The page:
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Monday, September 29, 2008

Commercial Paper

There's a lot of feeling that the current situation is not of much interest to anyone but big Wall Street players, that, generally, non-financial businesses will be unaffected, or only modestly affected, either by the bailout package (whatever it turns out to be) or by the failure of Congress to pass a bailout.

But ordinary businesses are already paying the price for the chaos in financial markets. All we have to do is look at what's happening in the markets for commercial paper.

On September 2 (according the the Federal Reserve Bank of St. Louis), the AA non-financial commercial paper (typically used to finance inventory purchases or to provide working capital for other purposes) rate was 2.35%, and was basically unchanged until September 12 (2.39%). On September 24, it was 3.35% (And on September 29, 3.14%; it's been fairly volatile in the last week or so.)

The weekly average amount (of daily issues) of commercial paper issued has declined from $8.144 billion during the week ending September 5, to $5.964 billion for the week ending September 26--a decline of about 26%. During the week ending on September 26, daily issue of commercial paper fell from $6.393 billion on Monday to $4.886 billion on Friday--a decline of almost 24%. (Also Federal Reserve data.)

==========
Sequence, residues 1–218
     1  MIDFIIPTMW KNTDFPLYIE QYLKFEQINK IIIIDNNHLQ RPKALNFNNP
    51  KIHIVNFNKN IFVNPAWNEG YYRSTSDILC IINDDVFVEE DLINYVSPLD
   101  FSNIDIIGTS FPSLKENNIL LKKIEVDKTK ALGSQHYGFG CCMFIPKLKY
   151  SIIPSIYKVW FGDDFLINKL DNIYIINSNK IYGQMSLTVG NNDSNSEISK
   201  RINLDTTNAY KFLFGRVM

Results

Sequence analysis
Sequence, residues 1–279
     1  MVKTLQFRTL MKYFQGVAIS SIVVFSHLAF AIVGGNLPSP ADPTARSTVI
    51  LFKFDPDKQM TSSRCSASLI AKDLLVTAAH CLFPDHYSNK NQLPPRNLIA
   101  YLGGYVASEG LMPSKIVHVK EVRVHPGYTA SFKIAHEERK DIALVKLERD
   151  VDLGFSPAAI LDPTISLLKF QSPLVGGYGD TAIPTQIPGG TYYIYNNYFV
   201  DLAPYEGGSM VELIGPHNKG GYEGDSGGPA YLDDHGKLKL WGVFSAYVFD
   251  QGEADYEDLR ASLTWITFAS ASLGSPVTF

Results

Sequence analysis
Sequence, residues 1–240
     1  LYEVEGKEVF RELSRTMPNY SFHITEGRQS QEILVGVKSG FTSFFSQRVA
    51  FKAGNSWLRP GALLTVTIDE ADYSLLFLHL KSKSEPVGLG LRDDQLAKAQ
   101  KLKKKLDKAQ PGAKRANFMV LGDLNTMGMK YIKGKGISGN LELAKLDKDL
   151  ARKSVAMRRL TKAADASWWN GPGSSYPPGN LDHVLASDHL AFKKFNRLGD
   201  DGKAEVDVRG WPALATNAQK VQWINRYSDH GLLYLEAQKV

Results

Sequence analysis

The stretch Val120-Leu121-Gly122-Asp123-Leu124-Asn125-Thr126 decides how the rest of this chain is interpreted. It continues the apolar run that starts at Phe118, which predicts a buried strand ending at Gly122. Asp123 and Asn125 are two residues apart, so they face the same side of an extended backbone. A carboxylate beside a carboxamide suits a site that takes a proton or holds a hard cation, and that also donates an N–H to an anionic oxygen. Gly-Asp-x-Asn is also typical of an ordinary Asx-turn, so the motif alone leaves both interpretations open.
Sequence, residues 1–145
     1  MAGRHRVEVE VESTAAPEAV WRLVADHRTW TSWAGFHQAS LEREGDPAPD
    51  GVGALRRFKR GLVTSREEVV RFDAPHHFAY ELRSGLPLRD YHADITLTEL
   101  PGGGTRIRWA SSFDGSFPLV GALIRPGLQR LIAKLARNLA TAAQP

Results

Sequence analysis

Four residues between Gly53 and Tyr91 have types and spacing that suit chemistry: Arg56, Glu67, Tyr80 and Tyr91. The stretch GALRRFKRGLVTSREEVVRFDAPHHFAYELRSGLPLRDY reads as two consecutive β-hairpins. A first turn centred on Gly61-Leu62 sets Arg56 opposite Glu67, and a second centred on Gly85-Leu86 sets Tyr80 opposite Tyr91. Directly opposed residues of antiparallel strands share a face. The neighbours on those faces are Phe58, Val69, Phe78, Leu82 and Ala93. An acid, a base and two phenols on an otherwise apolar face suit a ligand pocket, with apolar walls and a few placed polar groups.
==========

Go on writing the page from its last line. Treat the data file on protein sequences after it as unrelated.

So already non-financial firms have experienced a significant increase in interest rates and a significant cutback in the amount of short-term financing for commercial activities. This makes it harder--and significantly more costly--for businesses of all sorts to finance and manage their activities.

The financial crisis is not "Main Street" vs. "Wall Street." It's about providing consistent and sufficient credit for production, distribution, and sale of the goods and services our economy produces. A continued failure to deal with this crisis will not be confined--has not been confined--to the financial sector. It has already spread into the financing of day-to-day business activity. And unless we find a reasonable solution, things are likely to get worse.


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